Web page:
It was five years of watching fierce arguments – often unresolved – as a Lexington School board member that made Robin DiGiammarino look into mediation as a form of conflict resolution. One of the basic principles she quickly learned wasn’t surprising: the source of most conflicts is a lack of communication, as well as making inferences from simple situations. “The act of not returning a phone call can turn into ‘you’re a mean, uncaring person’ and then escalate from there,” says DiGiammarino of Arlington-based Lodestar Mediation, who, since training as a mediator in 2003, has helped negotiate over 200 disputes, ranging from divorce mediation to tenant-landlord disputes. But often the solution to a difficult situation, whether it is unpaid rent or charges of discrimination at work, is straightforward. “Provide the party with the opportunity to determine outcomes and let them reach a resolution by themselves,” says DiGiammarino, who is also serves as a mentor for new mediators in Massachusetts District Court. “A mediator is a third-person neutral party who facilitates conversation, not a judge who says you’re right, and you’re wrong.”
U.S. News and World Report named mediation as one of the top careers for 2009, even during an economic downturn: “If we can’t solve a conflict, we tend to give up or hire a lawyer. There has to be a better way: A mediator can often help resolve a dispute less expensively and with less conflict.”
Q: Before you became a mediator, you were an occupational therapist. How are the two careers similar?
A: As an occupational therapist, I helped people set goals to functional independence; as a mediator, I’m empowering people in a different way, helping them to prioritize issues, create options for themselves, and find mutually agreeable solutions.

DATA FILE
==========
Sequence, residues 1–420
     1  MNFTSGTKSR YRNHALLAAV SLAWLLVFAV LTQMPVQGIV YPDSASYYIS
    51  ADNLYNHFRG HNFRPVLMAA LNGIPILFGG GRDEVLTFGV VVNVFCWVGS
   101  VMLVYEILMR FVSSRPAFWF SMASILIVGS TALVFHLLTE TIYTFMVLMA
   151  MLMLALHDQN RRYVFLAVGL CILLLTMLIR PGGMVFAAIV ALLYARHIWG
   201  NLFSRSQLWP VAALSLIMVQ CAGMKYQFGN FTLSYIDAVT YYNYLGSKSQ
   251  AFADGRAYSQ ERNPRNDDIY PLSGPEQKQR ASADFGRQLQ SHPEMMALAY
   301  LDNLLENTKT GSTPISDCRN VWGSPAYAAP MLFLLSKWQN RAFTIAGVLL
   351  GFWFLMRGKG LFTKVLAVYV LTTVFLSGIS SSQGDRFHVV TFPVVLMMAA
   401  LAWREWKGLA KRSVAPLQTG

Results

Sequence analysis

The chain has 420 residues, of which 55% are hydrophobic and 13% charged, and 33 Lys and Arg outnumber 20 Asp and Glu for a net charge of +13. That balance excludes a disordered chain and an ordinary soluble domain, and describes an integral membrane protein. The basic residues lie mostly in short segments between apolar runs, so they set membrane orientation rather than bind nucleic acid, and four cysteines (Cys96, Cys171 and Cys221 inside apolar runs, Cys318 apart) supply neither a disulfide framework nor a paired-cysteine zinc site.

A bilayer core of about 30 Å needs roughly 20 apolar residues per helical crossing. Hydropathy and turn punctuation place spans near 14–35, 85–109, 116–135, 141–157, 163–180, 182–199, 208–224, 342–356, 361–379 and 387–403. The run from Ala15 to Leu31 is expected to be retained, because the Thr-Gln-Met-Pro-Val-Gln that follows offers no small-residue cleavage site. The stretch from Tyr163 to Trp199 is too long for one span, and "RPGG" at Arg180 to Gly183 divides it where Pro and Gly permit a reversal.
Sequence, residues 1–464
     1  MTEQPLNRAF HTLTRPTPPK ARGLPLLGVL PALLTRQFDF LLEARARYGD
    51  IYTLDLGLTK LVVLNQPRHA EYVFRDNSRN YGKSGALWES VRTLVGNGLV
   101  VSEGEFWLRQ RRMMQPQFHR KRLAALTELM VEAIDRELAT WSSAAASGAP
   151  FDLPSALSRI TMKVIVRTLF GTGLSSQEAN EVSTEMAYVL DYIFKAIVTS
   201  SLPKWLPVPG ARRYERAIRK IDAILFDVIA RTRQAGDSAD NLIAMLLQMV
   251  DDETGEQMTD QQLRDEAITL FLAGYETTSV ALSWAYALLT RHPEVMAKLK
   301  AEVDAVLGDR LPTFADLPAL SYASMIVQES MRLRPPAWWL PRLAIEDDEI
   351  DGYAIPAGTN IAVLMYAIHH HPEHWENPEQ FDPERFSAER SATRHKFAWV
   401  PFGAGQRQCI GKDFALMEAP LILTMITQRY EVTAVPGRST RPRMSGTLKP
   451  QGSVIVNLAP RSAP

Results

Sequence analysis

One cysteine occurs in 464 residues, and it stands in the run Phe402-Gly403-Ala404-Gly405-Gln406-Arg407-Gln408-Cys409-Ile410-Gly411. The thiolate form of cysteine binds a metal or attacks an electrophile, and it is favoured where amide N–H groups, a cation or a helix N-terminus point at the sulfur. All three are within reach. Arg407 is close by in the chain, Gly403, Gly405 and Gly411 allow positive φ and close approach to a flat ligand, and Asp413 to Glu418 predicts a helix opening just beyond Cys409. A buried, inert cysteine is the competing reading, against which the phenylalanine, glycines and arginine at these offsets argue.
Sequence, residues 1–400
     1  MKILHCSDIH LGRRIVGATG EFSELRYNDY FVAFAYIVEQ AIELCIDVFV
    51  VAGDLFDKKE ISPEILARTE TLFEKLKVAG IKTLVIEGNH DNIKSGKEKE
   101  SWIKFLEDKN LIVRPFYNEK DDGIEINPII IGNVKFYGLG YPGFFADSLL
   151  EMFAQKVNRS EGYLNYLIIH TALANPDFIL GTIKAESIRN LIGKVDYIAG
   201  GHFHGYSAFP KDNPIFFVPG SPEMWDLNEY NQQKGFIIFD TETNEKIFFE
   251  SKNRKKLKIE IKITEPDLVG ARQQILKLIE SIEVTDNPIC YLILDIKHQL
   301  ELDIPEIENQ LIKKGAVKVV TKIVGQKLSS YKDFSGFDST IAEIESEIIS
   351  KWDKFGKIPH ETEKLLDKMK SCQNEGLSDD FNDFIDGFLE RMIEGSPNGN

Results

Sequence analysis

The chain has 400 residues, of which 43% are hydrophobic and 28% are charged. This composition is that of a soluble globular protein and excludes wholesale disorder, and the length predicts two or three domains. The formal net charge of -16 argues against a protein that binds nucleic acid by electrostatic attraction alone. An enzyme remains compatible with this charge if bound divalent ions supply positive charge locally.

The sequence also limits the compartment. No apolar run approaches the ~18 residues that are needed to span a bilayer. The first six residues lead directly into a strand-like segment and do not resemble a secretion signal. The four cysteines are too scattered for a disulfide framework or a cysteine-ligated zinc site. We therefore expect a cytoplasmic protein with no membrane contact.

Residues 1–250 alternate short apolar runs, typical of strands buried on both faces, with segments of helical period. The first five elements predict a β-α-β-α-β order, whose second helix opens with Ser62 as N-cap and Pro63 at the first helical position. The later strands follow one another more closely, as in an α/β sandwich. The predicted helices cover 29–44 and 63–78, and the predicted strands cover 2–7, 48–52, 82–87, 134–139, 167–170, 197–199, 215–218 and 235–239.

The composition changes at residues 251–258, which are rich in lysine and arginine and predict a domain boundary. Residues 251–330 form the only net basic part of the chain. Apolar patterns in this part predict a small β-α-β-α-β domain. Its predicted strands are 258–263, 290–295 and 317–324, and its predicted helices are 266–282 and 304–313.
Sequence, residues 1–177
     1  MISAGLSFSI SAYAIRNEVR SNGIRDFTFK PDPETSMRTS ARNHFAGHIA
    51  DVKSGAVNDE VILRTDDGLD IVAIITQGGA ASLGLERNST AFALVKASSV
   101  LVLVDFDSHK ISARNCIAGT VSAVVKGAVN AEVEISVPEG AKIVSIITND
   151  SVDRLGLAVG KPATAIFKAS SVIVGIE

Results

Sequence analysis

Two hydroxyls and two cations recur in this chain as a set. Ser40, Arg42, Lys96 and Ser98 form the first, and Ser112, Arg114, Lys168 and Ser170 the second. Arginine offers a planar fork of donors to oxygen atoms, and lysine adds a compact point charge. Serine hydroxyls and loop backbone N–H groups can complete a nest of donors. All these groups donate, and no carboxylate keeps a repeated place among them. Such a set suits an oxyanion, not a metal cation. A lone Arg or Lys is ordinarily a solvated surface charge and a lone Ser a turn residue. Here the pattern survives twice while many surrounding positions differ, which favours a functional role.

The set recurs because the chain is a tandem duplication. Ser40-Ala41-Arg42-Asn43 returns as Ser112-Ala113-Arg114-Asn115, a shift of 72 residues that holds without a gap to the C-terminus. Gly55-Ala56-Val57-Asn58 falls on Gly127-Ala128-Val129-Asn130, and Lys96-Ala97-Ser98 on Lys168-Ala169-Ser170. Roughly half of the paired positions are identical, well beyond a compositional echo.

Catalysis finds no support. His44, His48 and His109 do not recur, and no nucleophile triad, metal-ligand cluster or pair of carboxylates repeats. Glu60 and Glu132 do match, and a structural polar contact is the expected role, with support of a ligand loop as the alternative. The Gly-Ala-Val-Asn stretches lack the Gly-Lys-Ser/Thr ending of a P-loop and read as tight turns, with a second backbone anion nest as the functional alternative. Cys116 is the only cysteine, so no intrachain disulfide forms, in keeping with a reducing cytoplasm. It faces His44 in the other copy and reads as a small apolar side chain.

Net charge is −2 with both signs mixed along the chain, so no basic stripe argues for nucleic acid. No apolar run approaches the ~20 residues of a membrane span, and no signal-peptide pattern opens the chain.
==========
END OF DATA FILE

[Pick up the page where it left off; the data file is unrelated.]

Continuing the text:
Q: What sort of scenarios have you encountered as a mediator?
A: One example is housing eviction cases, where the landlord says the tenant owes, say, four month’s rent, and wants the money. He’s usually just focused on the back payments owed. But by the end of the mediation session, he’s realizing that rather than getting the money back, it’s in his best interest to just have the tenant leave. The landlord will even help the tenant pay moving costs. He realizes that he needs to cut his losses and get the apartment back. To the landlord, it’s a surprising outcome that he didn’t expect, but a satisfying one.
Q: What sort of training do you need as a mediator?
A: Mediation as a profession can be entered with only 30 hours of training in Massachusetts, which makes barriers to entry low – but also lowers salaries and tends to cause an oversupply of professionals. But the need for mediators is growing, with new opportunities such as helping families negotiate the tough choices of aging. Everyone should be competent in conflict and not be afraid of it.
Q: Do you use mediation in your personal life?
A: I’m like anyone else; if emotions are involved, I can get carried away. It’s tough to stay objective if you are personally involved. Besides, my kids always say to me, “Don’t use that mediation stuff on me.”
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